That Cary Shaken Baby Case, And How Prison Time is Calculated.

Alvin Santiago had been facing charges of shaking a baby in his care while in Cary, Illinois. Today, Judge Prather sentenced him to 9 years in prison.  The Northwest Herald has a great article on today’s sentencing hearing:

Judge orders 9 years for Cary man in shaken baby case

Published: Thursday, Feb. 20, 2014 5:24 p.m. CST


WOODSTOCK – Outside the courtroom, James Greve said he wished his daughter’s former caregiver had been given the same sentence the baby had.

Alvin D. Santiago, 30, on Thursday was sentenced to nine years in prison for shaking Tegan Greve so violently that she required brain surgery. The child was 2 months old at the time.

With day-for-day credit, Santiago will serve about four and a half years behind bars.

But for baby Tegan, it will be at least five more years of doctors visits, medical tests and medication. Even then, James Greve said, whether or not she’ll fully recover remains unknown.

“He got a lesser sentence than my daughter,” he said after an emotional sentencing hearing that included statements from he and wife, Rachel Greve, and tearful testimony from Santiago and his family members.


The article goes on to talk in more detail about the crime as well as the hearing in court.  The part that catches my attention is the focus on the actual amount of time Santiago will spend in prison.  It’s speculated to be around four and a half years.

I say “speculated” because nobody actually knows how long it will be at this point.  It will likely be no less than 4.5 years and will absolutely be no more than 9 years.  Essentially, actual prison time in Illinois gets computed as follows:

  • Most cases are subject to some sort of reduction in time for “good behavior.”  Some are not (like, for example, murder, where there is no good time allowance).  The majority of felonies are “50% cases”, meaning that you may receive a reduction in your sentence up to 50% of the total time.
  • Without getting too technical, it’s also possible to “earn” extra time off.  Some of that extra time is “earned” without any effort- typically 6 months worth.  You might also get an extra break for doing something like earning a G.E.D.

So, typically, its safe to say that on a “garden variety” felony, a person who takes a 5 year sentence will have a minimum sentence of 2 years (5 years multiplied by 50%, and then minus 6 months), and a person sentenced to 9 years will have a minimum sentence of 4.5 months.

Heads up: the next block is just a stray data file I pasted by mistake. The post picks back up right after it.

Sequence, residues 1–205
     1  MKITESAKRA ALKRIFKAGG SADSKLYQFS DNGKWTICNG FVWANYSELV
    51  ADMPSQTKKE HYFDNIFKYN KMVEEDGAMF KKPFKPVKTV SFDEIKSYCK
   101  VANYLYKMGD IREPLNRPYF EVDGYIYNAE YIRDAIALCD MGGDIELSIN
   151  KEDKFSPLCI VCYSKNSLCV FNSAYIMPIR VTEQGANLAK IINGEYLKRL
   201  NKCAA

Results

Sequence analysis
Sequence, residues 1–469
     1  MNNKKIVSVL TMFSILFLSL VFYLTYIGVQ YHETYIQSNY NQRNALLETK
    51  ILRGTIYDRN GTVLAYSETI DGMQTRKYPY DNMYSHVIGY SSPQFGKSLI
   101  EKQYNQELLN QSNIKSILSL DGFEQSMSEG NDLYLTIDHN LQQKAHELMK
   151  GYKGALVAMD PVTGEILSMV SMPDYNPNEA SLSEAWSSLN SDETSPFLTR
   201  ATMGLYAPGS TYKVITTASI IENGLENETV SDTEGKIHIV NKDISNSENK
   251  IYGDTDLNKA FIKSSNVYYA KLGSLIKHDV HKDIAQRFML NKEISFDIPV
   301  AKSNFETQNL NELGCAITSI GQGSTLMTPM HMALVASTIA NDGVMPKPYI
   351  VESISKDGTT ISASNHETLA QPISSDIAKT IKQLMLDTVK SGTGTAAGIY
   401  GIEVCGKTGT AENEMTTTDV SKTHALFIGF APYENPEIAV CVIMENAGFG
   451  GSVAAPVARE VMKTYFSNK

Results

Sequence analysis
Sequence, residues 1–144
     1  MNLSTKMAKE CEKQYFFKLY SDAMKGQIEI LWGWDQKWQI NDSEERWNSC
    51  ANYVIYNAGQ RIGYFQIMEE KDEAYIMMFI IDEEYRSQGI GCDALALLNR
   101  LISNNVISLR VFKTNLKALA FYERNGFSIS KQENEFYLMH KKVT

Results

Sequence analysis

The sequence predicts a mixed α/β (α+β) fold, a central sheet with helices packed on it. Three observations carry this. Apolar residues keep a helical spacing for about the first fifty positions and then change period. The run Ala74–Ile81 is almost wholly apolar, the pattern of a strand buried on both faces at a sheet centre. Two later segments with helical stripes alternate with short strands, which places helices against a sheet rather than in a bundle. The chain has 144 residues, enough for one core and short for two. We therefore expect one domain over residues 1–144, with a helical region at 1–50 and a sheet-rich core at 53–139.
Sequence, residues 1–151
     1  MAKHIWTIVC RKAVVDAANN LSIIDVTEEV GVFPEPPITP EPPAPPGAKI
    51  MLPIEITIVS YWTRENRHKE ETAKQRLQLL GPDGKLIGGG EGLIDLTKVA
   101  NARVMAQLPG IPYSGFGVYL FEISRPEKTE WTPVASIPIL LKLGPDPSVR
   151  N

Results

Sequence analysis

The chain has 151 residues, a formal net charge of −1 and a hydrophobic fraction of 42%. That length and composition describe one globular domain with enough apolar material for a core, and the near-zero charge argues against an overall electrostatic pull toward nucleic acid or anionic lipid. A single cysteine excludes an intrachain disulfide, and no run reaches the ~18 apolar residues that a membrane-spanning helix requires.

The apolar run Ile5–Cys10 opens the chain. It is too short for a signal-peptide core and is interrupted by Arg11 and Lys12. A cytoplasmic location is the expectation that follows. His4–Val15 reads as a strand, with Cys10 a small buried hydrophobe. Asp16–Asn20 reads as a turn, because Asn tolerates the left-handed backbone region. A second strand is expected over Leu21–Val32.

Now you’re wondering why somebody could be out in 4.5 years for shaking a baby when they’re sentenced to 9 years?  How is that justice, right?  Especially when the reality is that the overwhelming majority of defendants serve the minimum.

Have you ever been inside a jail or prison?  No?  Have you ever seen an episode of “Locked up”?

If you have, you know that taking an entire population of “criminals” and keeping them from causing trouble isn’t easy.  Some guy is throwing poop and clogging the toilet in the prison.  What are you going to do, put him in segregation?

Fine. Now he’s painting the walls in segregation with poop, and 35 guys in the general population are protesting the first guy’s getting put “in the hole” by urinating on the floor.  Plus, 6 guys got in a fist fight after somebody changed the TV channel in the middle of a great episode of Miami Vice.

What are you going to do now? Put them all in segregation?  Sounds great, but you don’t have the space. The taxpayers want to be tough on crime, but don’t want to pay to be tough on crime- so you don’t have the facilities.

That’s where good time comes in.  The facility has the option to yank some good time and effectively lengthen the sentence.  There’s no judge, no jury and no defense attorney to get in the way (although there typically are some internal jail procedures).  Go ahead… throw that poop. It’s going to cause you 8 more months of prison living.  Is it worth it?

This is exactly what happened to Stevie Fielding.  He got a sentence of 10 years and his jailhouse antics caused him to serve every last day.

Stevie Trailer from Steve James on Vimeo.

If reduced prison sentences are a way to give prisons the opportunity to keep peace and enforce prison policy, then why are most people only serving the minimum?  Why aren’t more people losing good time?

Because the incentive system in prison generally works well.  Being able to lengthen somebody’s prison sentence will typically keep them in line.  The public might not like it, but it gets the job done.

There’s another reason why, too.  Try following the money.

Like I already said, you want to lock people up, but you don’t want to pay for adequate facilities.  There is a lot of pressure on the system to get folks “out” in order to make way for the others coming in.  Plus, there are other enforcement tools- prisoners can lose all sorts of privileges.

So, why would a prison lengthen somebody’s sentence and make its financial situation even more dire when it may be able to achieve the same result by taking away a man’s Fritos and locking him in a room without a TV?  It wouldn’t.

Judge Prather gave Alvin Santiago 9 years in prison today. He might serve 4.5. He might serve 9.  It depends on whether or not he behaves himself, and whether or not you’re willing to put more money into a system you don’t want to put money into.